Warnings

[0061] The control system 220 can also generate alarms or warnings based on the measured physiological patient parameters. For instance, if the respiration rate exceeds or drops below an acceptable limit, the control system 220 can generate an alarm for the display. Alternatively the control system can generate alarms or warnings based on relative insensitivity of measured parameters to changes in flow. For example if the work of breathing is insensitive to flow this may indicate that the therapy is less likely to be efficacious. In an embodiment, the control system 220 can change the flow rate and determine that the work of breathing is not affected significantly by the flow rate change. Based on the lack of correlation, the control system 220 can determine that the therapy may not be optimal for the patient.

Applications

[0062] The respiratory assistance system 100 with high flow therapy can be used to provide support to patients in emergency rooms, intensive care units (ICU), the operating room (OR), other hospital areas or in-home. In particular, the respiratory assistance system 100 can be used to support a patient under anaesthesia, during preoxygenation and postoperation. Using high flow therapy can have advantages in some embodiments because the patient can still communicate and the mouth is not covered by a mask. Any time a patient requires intubation or endoscopy, the mouth may be blocked and cannot be used for providing invasive air support. Accordingly, high flow therapy along with the nasal cannula configuration of the respiration assistance system 100 can be used in those situations to provide breathing support. The control system 220 can determine work of breathing or other physiological parameters in these cases and automatically determine a set value for flow rate. When patients use the respiratory assistance system 100 in their homes, the control system 220 can be used to adjust the set value of flow rate at the initial stage. The patient can also measure their respiration rate and enter it using the controller.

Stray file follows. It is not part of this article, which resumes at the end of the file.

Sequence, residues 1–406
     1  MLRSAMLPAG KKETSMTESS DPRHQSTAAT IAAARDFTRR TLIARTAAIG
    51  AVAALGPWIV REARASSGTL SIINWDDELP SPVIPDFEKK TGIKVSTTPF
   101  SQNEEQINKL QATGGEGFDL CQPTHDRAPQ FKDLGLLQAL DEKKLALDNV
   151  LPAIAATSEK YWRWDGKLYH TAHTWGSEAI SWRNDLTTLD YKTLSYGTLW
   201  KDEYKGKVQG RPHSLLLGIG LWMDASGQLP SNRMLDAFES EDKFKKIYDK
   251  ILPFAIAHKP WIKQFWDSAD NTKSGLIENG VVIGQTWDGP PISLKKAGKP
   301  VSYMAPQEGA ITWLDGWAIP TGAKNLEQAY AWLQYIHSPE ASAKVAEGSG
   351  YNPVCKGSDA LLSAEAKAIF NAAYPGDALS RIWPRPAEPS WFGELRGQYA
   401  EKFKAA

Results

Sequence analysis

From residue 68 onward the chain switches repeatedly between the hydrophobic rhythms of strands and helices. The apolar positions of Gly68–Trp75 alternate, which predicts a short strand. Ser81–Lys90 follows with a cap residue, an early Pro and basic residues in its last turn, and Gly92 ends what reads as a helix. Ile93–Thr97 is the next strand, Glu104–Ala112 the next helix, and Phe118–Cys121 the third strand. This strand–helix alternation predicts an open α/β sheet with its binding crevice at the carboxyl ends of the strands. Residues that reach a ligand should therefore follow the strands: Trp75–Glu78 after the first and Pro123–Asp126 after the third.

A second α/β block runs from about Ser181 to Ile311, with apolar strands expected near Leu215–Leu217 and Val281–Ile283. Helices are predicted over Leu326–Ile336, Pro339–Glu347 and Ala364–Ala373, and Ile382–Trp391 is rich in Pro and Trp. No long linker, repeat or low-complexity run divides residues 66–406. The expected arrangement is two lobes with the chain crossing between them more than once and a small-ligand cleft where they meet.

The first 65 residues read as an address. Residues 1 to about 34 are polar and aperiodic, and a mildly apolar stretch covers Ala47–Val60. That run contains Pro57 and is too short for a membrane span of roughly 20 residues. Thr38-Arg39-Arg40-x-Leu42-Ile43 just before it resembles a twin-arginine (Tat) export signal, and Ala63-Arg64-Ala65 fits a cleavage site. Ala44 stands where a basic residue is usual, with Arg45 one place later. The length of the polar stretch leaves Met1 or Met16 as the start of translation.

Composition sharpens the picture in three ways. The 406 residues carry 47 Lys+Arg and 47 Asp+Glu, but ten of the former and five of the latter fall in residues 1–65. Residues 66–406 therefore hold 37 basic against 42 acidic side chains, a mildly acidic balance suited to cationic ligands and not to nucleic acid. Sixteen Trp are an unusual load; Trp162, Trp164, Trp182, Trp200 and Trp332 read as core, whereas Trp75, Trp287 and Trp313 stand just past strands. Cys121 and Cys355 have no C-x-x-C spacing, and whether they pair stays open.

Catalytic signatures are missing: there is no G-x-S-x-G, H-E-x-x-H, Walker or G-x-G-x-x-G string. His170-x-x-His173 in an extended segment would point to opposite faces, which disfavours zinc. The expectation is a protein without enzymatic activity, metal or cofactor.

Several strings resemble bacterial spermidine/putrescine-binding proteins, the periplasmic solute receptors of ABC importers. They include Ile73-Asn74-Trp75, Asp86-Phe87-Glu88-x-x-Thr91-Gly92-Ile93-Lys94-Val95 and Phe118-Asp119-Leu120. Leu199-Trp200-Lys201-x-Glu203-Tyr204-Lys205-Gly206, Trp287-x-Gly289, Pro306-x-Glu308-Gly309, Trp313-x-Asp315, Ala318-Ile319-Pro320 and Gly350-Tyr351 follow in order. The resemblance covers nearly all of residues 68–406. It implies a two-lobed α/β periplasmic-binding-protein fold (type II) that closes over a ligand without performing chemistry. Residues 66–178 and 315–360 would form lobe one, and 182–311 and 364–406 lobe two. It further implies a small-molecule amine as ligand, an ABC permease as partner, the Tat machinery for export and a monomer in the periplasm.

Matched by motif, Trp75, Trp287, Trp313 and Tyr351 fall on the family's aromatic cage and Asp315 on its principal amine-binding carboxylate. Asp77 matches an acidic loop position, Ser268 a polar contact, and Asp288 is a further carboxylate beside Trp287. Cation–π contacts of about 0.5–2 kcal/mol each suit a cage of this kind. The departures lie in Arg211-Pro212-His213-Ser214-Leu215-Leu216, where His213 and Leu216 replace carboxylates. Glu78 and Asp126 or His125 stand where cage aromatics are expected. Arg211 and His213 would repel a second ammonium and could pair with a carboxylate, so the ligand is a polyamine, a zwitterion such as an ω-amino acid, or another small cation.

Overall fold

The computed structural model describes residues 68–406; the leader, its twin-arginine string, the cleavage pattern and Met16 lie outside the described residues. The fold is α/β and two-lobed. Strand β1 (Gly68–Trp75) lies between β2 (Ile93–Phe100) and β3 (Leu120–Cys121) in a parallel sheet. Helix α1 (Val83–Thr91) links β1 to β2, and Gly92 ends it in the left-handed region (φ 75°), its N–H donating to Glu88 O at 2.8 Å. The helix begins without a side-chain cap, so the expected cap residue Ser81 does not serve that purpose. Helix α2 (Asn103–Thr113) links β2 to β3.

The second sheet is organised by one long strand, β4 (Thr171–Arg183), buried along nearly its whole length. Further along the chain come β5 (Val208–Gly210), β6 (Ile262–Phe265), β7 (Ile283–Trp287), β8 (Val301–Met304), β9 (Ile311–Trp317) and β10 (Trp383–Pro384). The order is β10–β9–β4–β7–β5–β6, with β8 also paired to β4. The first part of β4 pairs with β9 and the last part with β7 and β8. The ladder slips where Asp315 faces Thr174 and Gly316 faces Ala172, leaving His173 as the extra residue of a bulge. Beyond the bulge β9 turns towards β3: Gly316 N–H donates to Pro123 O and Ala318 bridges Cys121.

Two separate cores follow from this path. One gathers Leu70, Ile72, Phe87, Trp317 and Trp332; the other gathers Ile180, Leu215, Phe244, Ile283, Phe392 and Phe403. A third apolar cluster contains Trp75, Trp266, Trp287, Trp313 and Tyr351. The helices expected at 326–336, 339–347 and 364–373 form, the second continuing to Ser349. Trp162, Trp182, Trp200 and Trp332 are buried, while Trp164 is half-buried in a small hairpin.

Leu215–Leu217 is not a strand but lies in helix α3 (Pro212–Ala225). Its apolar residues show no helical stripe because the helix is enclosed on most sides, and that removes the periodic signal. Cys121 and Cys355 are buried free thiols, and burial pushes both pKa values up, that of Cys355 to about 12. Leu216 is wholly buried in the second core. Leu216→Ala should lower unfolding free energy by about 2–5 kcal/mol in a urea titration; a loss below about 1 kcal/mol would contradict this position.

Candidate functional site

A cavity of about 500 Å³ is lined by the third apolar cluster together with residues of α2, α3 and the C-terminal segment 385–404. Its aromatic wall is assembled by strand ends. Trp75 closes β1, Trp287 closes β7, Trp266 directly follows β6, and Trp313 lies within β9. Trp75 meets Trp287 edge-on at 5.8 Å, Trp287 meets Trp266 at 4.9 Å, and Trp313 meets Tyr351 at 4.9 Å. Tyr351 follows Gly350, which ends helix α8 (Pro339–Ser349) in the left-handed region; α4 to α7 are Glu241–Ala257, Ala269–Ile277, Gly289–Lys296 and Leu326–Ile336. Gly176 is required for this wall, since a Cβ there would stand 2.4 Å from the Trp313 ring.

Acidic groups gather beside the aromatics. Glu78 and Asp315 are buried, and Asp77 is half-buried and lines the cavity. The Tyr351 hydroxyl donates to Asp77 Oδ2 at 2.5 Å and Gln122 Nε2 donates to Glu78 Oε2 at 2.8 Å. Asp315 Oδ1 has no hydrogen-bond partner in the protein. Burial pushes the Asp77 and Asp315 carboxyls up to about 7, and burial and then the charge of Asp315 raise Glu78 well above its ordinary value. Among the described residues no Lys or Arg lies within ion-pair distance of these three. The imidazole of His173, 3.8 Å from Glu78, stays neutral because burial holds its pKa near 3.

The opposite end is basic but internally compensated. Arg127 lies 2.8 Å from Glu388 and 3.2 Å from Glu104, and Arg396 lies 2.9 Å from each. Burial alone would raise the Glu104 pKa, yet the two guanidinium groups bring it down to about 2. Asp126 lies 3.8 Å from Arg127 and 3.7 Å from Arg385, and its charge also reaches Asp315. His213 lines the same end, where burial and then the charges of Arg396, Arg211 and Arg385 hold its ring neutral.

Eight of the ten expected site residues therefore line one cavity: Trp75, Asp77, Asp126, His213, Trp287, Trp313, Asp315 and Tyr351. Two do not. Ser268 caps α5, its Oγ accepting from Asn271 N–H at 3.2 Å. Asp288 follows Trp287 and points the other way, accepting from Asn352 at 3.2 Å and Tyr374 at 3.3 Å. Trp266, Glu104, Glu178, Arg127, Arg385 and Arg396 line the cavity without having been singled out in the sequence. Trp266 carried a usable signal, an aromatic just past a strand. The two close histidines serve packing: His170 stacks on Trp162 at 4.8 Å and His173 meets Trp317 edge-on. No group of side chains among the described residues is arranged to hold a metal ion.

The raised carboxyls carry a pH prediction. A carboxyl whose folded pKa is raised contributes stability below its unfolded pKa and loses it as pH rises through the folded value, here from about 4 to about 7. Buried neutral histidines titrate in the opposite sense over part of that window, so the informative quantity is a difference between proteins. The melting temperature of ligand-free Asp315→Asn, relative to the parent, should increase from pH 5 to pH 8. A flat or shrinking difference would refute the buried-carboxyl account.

[0063] Unless the context clearly requires otherwise, throughout the description and the claims, the words "comprise", "comprising", and the like, are to be construed in an inclusive sense as opposed to an exclusive or exhaustive sense, that is to say, in the sense of "including, but not limited to".

[0064] Reference to any prior art in this specification is not, and should not be taken as, an acknowledgement or any form of suggestion that that prior art forms part of the common general knowledge in the field of endeavour in any country in the world.

[0065] The disclosed apparatus and systems may also be said broadly to consist in the parts, elements and features referred to or indicated in the specification of the application, individually or collectively, in any or all combinations of two or more of said parts, elements or features.

[0066] Where, in the foregoing description reference has been made to integers or components having known equivalents thereof, those integers are herein incorporated as if individually set forth.

[0067] Depending on the embodiment, certain acts, events, or functions of any of the algorithms, methods, or processes described herein can be performed in a different sequence, can be added, merged, or left out altogether (e.g., not all described acts or events are necessary for the practice of the algorithms). Moreover, in certain embodiments, acts or events can be performed concurrently, e.g., through multi-threaded processing, interrupt processing, or multiple processors or processor cores or on other parallel architectures, rather than sequentially.